Of which performances/recordings are you most proud? 

My very first music video, ‘Queen Bee’ which was from my album THE JOURNEY is something I’m very proud of!  That music video led to me being offered the position with Cirque du Soleil, and also working with Hans Zimmer after he saw it on YouTube.  I was in the early stages of exploring my own version of Industrial Metal Cello – inspired heavily by the band Rammstein and Marilyn Manson – and used  something a bit obvious as the base (the Flight of the Bumble Bee) but felt like that artistically and stylistically the video is truly *me* at my essence.  I was very lucky to work with an amazing team for that video!  To finance it, I spent every penny I had  as I told myself it would be my last “hurrah” at trying to pursue Industrial Metal.  It took a bit of a different turn as I suddenly was approached by composers here in Los Angeles to record my “metal style” cello on their soundtracks after the video was released.  I feel like 9 years later, it’s worked out perfectly and having the opportunity to perform at WACKEN recently, the biggest metal festival in the world, with two amazing bands SABATON and Beyond the Black, was truly a dream come true.  There are many paths leading to the final destination and I love the path that I have been on, which I never would have guessed!  Having my first adventure into New Age Music nominated for a GRAMMY was a huge surprise

The entire album was recorded in one day, completely improvised with myself and Peter Kater the pianist, never having played together in order to capture the purest form of improvisation and musical meeting.  I’ve played with rappers, country artists, DJs, and musically it has helped me expand so much!

Which particular works do you think you perform best?

Passionate Romantic-era classical pieces, soundtrack music that is very open to interpretation and Industrial Metal!

How do you make your repertoire choices from season to season?

I am open to anything and everything, and a lot of my musical activity is recording for various soundtrack projects, so the film, tv show, or video game determines the repertoire!  I’ve backed away somewhat from performing classical music with orchestras as I’m trying to focus now more heavily on my own original music projects and compositions.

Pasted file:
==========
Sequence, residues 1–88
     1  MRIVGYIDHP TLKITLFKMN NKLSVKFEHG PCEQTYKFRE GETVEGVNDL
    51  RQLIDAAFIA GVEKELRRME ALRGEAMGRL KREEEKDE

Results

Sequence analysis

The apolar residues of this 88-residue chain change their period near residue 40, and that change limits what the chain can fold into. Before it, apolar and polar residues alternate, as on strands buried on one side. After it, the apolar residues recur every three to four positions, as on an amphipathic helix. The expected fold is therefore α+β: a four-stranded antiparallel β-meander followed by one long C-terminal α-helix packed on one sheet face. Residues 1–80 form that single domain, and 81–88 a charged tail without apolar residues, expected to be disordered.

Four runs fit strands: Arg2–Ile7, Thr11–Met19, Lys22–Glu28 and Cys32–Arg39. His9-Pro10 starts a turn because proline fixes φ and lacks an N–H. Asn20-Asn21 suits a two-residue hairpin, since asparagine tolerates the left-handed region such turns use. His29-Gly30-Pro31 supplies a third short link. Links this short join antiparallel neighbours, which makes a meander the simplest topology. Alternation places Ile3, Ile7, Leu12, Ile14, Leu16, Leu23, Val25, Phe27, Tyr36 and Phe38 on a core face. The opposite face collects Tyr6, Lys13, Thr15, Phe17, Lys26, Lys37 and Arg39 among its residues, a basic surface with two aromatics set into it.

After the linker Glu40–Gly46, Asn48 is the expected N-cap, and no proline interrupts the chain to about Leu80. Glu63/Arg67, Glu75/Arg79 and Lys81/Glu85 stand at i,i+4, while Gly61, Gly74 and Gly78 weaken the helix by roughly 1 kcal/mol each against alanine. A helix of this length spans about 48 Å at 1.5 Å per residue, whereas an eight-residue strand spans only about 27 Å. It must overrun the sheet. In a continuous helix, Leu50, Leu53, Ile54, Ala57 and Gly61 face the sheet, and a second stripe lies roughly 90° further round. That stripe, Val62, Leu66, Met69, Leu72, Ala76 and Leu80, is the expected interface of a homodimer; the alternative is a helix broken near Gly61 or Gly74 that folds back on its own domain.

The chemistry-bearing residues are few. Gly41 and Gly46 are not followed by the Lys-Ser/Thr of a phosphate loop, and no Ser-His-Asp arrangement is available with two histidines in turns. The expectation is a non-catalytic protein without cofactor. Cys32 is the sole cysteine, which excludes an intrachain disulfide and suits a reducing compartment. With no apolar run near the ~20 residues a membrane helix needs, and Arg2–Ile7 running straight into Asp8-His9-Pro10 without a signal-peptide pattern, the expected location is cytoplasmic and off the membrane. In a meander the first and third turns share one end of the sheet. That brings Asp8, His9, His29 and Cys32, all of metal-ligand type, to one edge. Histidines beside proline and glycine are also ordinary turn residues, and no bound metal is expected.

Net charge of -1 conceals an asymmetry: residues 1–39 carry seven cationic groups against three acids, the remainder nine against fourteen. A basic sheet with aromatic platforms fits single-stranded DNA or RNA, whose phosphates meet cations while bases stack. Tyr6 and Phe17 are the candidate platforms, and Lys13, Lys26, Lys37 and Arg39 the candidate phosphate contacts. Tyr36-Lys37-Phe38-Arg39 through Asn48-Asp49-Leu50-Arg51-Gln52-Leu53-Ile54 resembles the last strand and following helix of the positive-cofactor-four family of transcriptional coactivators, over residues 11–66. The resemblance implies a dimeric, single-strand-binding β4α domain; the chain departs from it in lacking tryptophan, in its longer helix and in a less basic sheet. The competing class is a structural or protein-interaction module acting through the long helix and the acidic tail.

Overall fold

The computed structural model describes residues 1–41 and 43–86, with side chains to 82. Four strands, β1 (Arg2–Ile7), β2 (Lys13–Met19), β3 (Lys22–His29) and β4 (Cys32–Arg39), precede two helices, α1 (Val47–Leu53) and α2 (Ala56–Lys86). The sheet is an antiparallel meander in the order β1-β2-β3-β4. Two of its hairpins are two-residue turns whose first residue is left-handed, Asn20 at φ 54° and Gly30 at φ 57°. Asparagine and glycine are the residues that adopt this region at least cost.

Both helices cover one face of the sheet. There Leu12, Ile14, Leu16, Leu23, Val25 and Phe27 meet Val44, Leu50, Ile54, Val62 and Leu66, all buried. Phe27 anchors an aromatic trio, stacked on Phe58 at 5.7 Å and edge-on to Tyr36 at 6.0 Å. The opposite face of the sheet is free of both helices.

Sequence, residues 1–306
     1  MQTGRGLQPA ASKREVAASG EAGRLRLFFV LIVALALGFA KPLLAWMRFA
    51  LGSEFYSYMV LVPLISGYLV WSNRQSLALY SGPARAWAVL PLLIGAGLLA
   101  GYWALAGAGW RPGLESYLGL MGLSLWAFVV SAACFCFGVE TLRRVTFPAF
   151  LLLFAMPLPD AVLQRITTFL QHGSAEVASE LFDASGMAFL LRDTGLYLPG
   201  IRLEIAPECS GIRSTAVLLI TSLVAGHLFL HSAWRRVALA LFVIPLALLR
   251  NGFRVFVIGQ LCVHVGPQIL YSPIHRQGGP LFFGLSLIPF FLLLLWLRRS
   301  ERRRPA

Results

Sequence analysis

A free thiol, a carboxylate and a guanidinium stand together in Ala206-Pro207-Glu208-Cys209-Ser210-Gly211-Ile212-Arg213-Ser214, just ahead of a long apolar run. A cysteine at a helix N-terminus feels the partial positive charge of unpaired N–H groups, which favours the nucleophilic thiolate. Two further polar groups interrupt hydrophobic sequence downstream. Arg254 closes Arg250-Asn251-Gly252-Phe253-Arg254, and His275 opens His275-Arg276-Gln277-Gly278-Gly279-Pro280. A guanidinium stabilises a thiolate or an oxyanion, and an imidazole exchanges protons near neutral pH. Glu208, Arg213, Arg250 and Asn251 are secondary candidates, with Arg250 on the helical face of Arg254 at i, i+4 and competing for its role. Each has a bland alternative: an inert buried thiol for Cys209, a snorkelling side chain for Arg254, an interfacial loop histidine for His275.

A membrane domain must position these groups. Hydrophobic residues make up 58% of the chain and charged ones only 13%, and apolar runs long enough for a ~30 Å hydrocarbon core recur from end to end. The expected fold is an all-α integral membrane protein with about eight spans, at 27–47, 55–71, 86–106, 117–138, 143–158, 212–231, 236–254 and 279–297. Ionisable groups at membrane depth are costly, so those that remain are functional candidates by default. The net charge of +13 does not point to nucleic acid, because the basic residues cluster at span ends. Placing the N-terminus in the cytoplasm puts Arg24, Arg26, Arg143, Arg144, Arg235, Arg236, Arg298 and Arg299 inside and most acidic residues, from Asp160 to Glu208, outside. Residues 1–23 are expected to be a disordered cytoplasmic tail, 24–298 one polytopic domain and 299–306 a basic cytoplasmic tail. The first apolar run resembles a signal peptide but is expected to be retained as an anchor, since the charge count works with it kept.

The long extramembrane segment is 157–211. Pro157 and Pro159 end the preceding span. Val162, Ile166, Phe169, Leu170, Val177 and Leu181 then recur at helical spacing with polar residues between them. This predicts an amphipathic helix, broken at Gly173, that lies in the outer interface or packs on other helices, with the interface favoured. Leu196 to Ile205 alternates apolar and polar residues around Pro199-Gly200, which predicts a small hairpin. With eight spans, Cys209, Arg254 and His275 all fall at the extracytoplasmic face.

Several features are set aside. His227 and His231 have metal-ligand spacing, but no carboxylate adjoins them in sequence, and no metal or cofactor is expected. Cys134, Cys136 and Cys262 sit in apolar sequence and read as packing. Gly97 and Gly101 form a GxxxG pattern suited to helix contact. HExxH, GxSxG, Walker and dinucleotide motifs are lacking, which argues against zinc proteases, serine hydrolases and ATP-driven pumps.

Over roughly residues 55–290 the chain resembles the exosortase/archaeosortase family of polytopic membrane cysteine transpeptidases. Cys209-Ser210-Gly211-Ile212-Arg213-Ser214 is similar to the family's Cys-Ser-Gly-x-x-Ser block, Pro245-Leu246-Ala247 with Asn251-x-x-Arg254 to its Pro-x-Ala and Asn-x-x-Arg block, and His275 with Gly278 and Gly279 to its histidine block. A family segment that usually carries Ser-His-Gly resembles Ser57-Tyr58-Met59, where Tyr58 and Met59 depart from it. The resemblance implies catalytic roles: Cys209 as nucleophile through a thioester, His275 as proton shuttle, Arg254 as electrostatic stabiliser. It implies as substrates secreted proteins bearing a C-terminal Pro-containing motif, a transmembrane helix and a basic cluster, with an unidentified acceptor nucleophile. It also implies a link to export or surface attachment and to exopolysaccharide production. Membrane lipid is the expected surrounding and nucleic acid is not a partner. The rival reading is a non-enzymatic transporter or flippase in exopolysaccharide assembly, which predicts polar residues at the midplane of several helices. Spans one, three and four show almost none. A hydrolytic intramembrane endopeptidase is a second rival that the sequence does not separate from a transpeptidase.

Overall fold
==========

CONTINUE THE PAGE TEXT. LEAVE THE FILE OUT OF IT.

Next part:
Do you have a favourite concert venue to perform in and why?

So far, my favorite has been at Wacken Open Air! 125,000 people, amazing wonderful energy, lots of fire and screaming!

What is your most memorable concert experience?

The very first time I performed in an arena in Montreal at the premiere of Michael Jackson ‘The Immortal” World Tour – I was so incredibly nervous!

As a musician, what is your definition of success?

  1. Being able to make the music you love.
  2. Having financial security so that you are in the mind space and energy to not worry about concerns related to poverty- having been in it, I can tell you that it’s incredibly difficult to be musically inspired and focused when you don’t know how you will pay for your next meal!

What do you consider to be the most important ideas and concepts to impart to aspiring musicians?

I am very passionate about entrepreneurship and learning about every aspect of the business side of music as much as possible to educate yourself.  So much knowledge is available to us, for free online, with technology growing and changing at such a fast pace, and so many alternative routes for musicians and creatives to monetize their work.  I have a lot of videos discussing finances, investments, etc., on my YouTube channel if anyone would like to check it out in addition to music videos, concert videos, tutorials, product reviews, and other random things.

What is your idea of perfect happiness?

My fiancé Rambo and I with our two Fur Babies (our two dogs, Bagel and Pizza) up in the mountains in a cabin with a snow storm outside, fireplace roaring, a Large pepperoni and pineapple pan pizza from Domino’s, coffee, furry Blankets, a big bed and Netlflix on a huge TV!

Tina Guo’s single ‘The Circle of Life’ from The Lion King is available now. More information


Internationally acclaimed, GRAMMY Award-nominated and BRIT Female Artist of the Year-nominated musician Tina Guo has established an international career as a virtuoso acoustic/electric cellist, multi-instrumentalist, composer, and entrepreneur. Known for her unique genre-crossing style, she is one of the most recorded Solo Cellists of all time and can be heard on hundreds of Blockbuster Film, Television, and Game Soundtracks.  In 2018, Tina signed as an official brand partner with Bentley Motors, composing, performing, and producing the launch music for the luxury hybrid vehicle, Bentayga Hybrid.  In 2019, Tina partnered with the Ritz-Carlton to create a soundtrack to the endless possibilities and unforgettable moments experienced at The Ritz-Carlton. Tina will visit four destinations — New Orleans, Dove Mountain, Toronto and Maui — and compose original scores inspired by these dynamic locations.